June 13. At a gay disco last night, a guy named Danny came over to my table and gave me his phone number. I invited him to dinner tonight. We cuddled and kissed by the fire. He is smooth, but alas,  matchstick thin and plain of face.

June 15. Danny came over for sex, and it worked. He seems to have much that I'm looking for. He was an A student, graduated in art history;  very candid and articulate.   He has known he is gay since age 12 but has waited until now to come out.  We are already making plans for the summer.

Blessed Hermes, I'm cured of Gavin at last. [This is the first time I mention Hermes in my journal; he soon became my household deity].

June 25. Life is good. Danny and I are becoming friends. He is even-tempered, open, sensible, self-aware, and self-assured. The down side is his body – much too thin.

July 5.  Peter is taking summer courses to keep himself busy – on his own for the first time in July. Ruth is spending July in Florida with a girlfriend, but will be back to spend August as usual with Peter and me.

August 24. Chicago. My forty-first birthday. I'm having a marvellous time with Ruth and Peter. We drove round Lake Superior, camping along the way. Now we’re returning via the American side.

Their birthday card thrills me with happiness.  There is a vertical line, THE GREATEST DAD, through the text:  This Has bEen a great August. Granting a few fights occuRred, but Everything Always worked ouT. Everlasting iS The memory of this granD And pleasanD  month. (Just a little cheating on the last letter). 

August 28. It is time for me to own my own home, but my resources are limited. My present income after taxes: $1080 a month, of which $200 goes to Jean for the kids. But I do have a few thousand dollars in advances on books. I figure I could put down about $10,000 and take a mortgage of perhaps $40,000. Not a lot for a house!

August 29.   Danny has proved to be a good friend, reliable, trustworthy, kind, generous, sensible, competent, intelligent, artistic. We are divided only by stubborn facts of the body: a lack of physical attraction on my part, and he is not a "sexy" man. 

September 7.  The first independent confirmation of my theory of lovestyles has been published, by a Professor Thomas Lasswell at UCLA, using a California sample. A Brazilian, Carol Lloyd, is translating my love theory into Portuguese to do a survey on love there. [ These would be the first of more than 100 validations in at least fourteen countries]. 

September 17.   A fabulous autumn day, warm, sunny, the air rich with the fragrance of autumn flowers and slowly dying leaves, the garden still thriving with tomatoes, cabbage, celery, mint, and Michaelmas daisies. I am growing more serene.

Danny and I see each other once a week now. I am not proud of myself – I should have been more restrained until certain the sex would work. At least I didn't get his hopes up the way I did with Gordon.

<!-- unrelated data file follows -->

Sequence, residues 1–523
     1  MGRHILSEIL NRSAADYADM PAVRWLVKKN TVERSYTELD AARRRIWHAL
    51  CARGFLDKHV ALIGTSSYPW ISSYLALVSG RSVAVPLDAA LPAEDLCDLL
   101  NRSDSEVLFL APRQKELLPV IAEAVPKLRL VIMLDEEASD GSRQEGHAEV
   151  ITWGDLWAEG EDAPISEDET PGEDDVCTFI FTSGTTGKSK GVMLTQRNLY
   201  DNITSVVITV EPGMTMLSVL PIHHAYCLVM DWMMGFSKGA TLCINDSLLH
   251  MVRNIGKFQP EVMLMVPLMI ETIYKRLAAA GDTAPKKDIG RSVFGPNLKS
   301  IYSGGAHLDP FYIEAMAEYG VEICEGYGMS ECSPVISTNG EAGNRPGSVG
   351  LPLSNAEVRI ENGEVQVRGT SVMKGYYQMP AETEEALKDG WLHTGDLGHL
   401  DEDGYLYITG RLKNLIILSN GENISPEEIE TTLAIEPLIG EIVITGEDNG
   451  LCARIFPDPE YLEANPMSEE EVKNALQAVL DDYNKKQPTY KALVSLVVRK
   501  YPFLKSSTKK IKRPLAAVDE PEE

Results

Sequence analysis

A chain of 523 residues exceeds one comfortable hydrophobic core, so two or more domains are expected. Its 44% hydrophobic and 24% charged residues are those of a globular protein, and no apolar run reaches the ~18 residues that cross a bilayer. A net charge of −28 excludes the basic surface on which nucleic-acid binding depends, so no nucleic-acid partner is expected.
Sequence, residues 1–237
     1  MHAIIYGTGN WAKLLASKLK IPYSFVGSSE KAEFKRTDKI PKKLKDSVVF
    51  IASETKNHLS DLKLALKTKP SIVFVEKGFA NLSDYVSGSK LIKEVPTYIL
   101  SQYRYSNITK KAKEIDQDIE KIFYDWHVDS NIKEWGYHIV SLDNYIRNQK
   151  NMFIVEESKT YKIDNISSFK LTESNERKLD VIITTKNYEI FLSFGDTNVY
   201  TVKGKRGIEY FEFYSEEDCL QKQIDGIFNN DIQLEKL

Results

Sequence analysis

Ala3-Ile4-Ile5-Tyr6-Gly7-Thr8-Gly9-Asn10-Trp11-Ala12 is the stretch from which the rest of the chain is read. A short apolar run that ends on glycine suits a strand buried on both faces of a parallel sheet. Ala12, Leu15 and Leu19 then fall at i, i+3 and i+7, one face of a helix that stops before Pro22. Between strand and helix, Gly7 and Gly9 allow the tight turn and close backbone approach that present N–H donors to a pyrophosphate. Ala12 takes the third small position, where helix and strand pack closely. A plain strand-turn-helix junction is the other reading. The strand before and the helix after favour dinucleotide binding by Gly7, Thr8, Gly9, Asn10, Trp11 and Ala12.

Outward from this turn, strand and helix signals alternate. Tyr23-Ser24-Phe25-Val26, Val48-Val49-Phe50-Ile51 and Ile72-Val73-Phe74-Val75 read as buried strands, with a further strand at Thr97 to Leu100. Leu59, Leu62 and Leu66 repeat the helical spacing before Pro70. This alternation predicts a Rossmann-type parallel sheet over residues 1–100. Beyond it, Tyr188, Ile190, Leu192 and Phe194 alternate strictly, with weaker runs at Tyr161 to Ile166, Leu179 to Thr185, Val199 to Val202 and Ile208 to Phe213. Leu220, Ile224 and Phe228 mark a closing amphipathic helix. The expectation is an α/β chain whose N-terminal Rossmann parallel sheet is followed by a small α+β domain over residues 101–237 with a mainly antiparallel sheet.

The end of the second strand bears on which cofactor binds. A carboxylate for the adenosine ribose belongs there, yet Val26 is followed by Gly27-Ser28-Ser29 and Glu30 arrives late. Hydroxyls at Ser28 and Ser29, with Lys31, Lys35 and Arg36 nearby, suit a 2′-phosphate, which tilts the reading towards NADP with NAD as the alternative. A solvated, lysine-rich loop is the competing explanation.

September 20. At a GAU meeting I've met a library grad student,  Bob W.  He is slim, fair, smooth, handsome, well shaped, politically active, with good aesthetic tastes. Alas, he prefers to live alone. 

Hallowe'en.   What a week! Tuesday evening I gave a publicly gay lecture at Loreen Snider's class on Deviance. Wednesday Bob W and I saw two Chekhov plays; things are going well with him. Thursday was the banquet for John Damien, Doug Wilson, and Leonard Matlovich from the USA. I also had dinner with Matlovich on Sunday. He is quite a soldier – emotional, dramatic, with simple poetic speech. He even shed tears. 

I'm doing a series of lectures at the Faculty of Medicine, helping student doctors prepare themselves for gay patients. Also, each week this autumn I'm teaching a Continuing Education night class, The Gay Experience, offered to people in the "helping professions"  who deal with gay clients.

November 7.  Giving and taking: Some of my lovers gave me more than I gave them. I am indebted to Franz and Gordon – they lost by falling in love with me, to my regret and shame. Danny and I came out about even. The years with Gavin are too muddled to tally up.

November 12.   I've been house-hunting in the Danforth area, where old houses are large and cheap. 

November 16.   My children: what a great source of joy. Ruth has become a lovely, lively, self-assured near-16, working part time, liking her free school, very close and warm with me.  She wants to live with me sometime. Peter is building a train set here, with complex plans and considerable carpentry skill.

November 26. Self-oppression: I "apologized" in class, when challenged about the appropriateness of mentioning my lover. I asked the student defensively: "When did I say that?" instead of proudly: "Why not?

December 17.  I'm honoured to be chosen public spokesperson of the Canadian Sociology Association (CSAA) on the issue of Canadianization of faculties.